HiresSattaliteData (Landscape stair steping effect)

Hi All,

I have been doing some testing with HiresSattaliteData from Mars. I’m using IMG files in combination with Qgis and TerreSculptor. The heightdata gets imported into Qgis and Geotiff file gets
imported into terrescluptor. When I import the 16 bit greyscale png into UE landscape I’m getting stair stepping on my Landscape. Does anybody know what causing this? The Lanscape is very noisy. What can I check?

export HM_Landscape.png from Terresculptor 256 units | 1 unit=1cm

Its 8129 x 8129 landsape.

Hope to hear from you.



I use a similar workflow, Qgis, TS, UE$

How are you getting the heightmap data out of QGis ?
There is a plug in to output heightmap
QGIS Python Plugins Repository

Rendering out an image from Qgis will not produce a proper 16 bit heightmap

Paul G

Yes it does, it outputs whatever you tell it to output in whatever format you tell it to output.
save raster as, and swap to rendered image.

As far as OP issue goes. that’s normal.
The data from the image is 1 meter per pixel and 1 bit per meter of height so terracing is very normal unless the lidar readings are around 1m as well.

Get Nip2 and set up a script to radial blur the image and export tiles all at once.

Hello Paul,

Thanks for you kind help and information regarding the plugin. I have send you PM btw.

I just installed the plugin. not tested it yet, I’'m not sure what settings I need to define for exporting to unreal.
Is there any info in the IMG file I need to set in the height_exporter dialog?



False information,

Without the plug in Qgis just renders an image
Nothing to do with the height data contained in the Raster layer

Suggest you try the heightmap export plug in before decrying the solution declaring that terracing is “normal”
Terracing is not normal if you have hi res DEM data
Paul G

in the heightmap export, put in the model dimensions, and as your data is extremely large you may have to put in a scale factor
this will create entries in the output sizes and enable the export button.
It exports a 16 bit PNG
If req you can then import into Photoshop and split into tiles, (PS does have a slight degrading effect)
These tiles will go straight into UE4 , TS is then optional
Alternatively your exported heightmap may go into TS and use the tile creator to export a set of tiles


Terracing is normal on most datum given the value ranges avaliable. This isn’t a lidar point cloud we are dealing with, but range distance readings of Mars. I doubt the datum is sub 1m.

next, if you just adjust the value range you can manually export a png raster that just works no matter what plugin you use. Despite the plugin being useful or not.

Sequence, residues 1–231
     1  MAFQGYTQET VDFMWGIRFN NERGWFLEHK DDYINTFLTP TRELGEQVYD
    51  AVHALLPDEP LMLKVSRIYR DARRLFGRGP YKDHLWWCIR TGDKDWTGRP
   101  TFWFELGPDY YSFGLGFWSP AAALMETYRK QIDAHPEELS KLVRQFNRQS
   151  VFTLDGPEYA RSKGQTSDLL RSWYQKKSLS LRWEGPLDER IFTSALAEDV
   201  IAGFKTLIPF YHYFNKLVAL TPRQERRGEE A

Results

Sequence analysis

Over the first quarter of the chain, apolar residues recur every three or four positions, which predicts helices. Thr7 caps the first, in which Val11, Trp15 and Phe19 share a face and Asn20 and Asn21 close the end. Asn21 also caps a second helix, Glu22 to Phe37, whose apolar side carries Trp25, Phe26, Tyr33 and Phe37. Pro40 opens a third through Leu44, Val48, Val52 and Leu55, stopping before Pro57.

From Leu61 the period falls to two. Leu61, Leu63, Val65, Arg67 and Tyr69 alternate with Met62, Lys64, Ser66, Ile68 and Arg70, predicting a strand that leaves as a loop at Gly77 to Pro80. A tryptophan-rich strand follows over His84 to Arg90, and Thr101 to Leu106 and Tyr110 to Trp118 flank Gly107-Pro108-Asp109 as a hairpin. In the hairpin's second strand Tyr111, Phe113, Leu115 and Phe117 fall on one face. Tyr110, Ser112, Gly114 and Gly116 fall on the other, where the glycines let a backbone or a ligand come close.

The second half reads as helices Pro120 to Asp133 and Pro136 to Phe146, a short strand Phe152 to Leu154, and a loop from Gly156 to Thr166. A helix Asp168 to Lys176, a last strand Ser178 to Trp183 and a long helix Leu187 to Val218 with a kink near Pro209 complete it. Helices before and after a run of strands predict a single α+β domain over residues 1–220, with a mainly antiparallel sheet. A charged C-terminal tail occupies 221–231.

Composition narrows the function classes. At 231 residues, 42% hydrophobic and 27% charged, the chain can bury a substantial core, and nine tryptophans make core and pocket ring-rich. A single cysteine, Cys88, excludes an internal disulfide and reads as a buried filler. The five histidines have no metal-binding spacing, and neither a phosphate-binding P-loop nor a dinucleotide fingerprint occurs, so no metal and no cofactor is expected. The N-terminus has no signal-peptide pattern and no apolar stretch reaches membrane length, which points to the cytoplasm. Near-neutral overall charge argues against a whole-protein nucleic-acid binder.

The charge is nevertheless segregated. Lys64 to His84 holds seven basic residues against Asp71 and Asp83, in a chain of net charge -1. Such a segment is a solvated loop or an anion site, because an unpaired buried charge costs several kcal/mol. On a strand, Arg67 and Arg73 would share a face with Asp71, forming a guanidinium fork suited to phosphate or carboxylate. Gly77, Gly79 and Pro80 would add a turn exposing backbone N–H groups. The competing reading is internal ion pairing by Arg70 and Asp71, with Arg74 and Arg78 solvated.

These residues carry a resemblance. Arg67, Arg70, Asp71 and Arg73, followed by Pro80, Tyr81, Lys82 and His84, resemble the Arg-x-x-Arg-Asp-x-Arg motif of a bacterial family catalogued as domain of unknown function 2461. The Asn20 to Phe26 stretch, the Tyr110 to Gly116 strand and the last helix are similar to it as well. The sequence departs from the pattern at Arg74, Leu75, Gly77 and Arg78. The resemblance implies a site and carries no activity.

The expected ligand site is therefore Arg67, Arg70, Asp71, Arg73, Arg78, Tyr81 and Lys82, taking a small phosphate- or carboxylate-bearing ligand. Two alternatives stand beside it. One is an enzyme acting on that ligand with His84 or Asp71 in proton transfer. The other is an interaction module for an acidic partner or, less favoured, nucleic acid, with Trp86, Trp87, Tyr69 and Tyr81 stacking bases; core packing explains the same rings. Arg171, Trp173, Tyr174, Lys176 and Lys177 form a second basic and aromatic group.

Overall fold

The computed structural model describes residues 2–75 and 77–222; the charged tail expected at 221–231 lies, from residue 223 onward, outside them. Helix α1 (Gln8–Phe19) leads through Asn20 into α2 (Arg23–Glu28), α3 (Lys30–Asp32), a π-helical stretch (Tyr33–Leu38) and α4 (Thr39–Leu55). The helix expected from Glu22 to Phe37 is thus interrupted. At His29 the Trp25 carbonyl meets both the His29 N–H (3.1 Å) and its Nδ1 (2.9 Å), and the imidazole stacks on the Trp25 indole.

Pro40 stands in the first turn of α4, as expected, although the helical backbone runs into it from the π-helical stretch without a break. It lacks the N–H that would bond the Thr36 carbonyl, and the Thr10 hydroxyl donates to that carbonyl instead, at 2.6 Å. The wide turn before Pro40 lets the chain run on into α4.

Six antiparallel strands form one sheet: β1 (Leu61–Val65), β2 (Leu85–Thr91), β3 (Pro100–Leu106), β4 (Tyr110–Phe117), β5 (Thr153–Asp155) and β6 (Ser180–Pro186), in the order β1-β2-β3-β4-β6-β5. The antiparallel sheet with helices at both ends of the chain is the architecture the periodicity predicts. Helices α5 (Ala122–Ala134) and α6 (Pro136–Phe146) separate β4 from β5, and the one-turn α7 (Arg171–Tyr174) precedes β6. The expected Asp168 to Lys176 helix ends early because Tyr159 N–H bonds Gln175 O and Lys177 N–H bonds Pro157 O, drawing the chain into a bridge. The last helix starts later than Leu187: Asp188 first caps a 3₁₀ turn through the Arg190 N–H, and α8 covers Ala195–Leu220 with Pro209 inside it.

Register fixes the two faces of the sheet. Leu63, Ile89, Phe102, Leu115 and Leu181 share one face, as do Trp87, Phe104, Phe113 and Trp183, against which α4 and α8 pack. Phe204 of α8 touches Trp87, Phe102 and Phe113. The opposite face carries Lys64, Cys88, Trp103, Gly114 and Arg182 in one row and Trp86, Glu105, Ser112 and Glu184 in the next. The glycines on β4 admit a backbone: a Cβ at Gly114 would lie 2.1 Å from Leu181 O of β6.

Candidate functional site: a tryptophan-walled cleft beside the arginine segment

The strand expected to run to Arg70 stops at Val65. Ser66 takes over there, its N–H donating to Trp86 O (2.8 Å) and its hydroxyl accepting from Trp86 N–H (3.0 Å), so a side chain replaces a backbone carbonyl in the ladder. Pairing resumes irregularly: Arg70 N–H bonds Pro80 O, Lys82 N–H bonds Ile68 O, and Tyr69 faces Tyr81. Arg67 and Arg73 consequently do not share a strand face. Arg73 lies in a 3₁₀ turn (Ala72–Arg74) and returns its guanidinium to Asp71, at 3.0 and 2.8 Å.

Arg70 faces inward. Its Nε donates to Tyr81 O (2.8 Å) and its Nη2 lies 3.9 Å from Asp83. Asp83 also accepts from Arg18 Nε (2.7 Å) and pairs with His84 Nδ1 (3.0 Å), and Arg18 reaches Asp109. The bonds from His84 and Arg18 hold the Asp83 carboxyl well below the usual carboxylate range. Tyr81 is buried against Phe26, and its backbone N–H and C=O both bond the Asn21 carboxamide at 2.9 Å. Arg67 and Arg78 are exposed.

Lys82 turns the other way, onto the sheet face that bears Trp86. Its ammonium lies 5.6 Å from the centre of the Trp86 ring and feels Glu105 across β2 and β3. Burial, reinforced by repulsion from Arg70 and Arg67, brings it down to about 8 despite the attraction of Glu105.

The height data contained in the raster layer is what is being rendered. Black to white 0 to 65536 range.
You can actually define your own range by adapting the layer as well. That becomes important since when you bring it to unreal you need to set the Z scale correctly.
Its even more important when you need to bump up the 0 in the maps to 6553/2. Normally earth 20m datum have sea-level at 0 val. You would have to shift that up to where unreal puts sea level to get proper heights.

Additionally. The map showed by OP as a single png16. Is 428,881m or 428km x 387km at a 1:1 size in px per meter thats 428881 x 387000 = 162,117,018,000 bits which is around 20GB
for a single png16 that won’t really fly. You can save it in geotiff to preserve the data. I have a 40gb one saved as such.

At OP, you need to cut the tiles up just like you would to bring it into the engine in world composition.

nip2 is the best way to do just that, but you have to save an initial image that’s the least compressed possible with the correct 16bit values of your liking.
not all formats support a 20GB file, so you have to pick one that does.

btw, I never use it, because I stick to nip2 which does wonders. but here’s a python script that works within qgis for tiles. you need to adjust it for your needs ofc.

import os
import gdal
import subprocess

source_path = 'PNG File'
tiles_folder = 'DESTINATION FOLDER'

tile_size_x = 8129
tile_size_y = 8129

tile_prefix = "tile"
tile_x = 0
tile_y = 0

ds = gdal.Open(source_path)
band = ds.GetRasterBand(1)
xsize = band.XSize - 1
ysize = band.YSize - 1

min_height = 0
max_height = 65535

for i in range(0, xsize, tile_size_x - 1):
for j in range(0, ysize, tile_size_y - 1):
format = "-ot UInt16 -of PNG -scale " + str(min_height) + " " + str(max_height) + " 0 65535"
cutting_frame = "-srcwin " + str(i) + " " + str(j) + " " + str(tile_size_x) + " " + str(tile_size_y)
output_path = tiles_folder + tile_prefix + "_x" + str(tile_x) + "_y" + str(tile_y) + ".png"
full_command = "gdal_translate " + format + " " + cutting_frame + " " + source_path + " " + output_path
# version with subprocess module
args = 'gdal_translate', '-ot', 'UInt16', '-of', 'PNG', '-scale', str(min_height), str(max_height), '0', '65535', '-srcwin', str(i), str(j), str(tile_size_x), str(tile_size_y), source_path , output_path]
tile_y = tile_y + 1
tile_x = tile_x + 1
tile_y = 0

Thanks for your feedback Paul. Using the Height exporter it looks much better in UE4. How do I calculate model dimensions? I’m not sure what numbers I should use. Is this how large the actual terrain is? I need to punch in some numbers otherwise I can’t export. What do you recommend?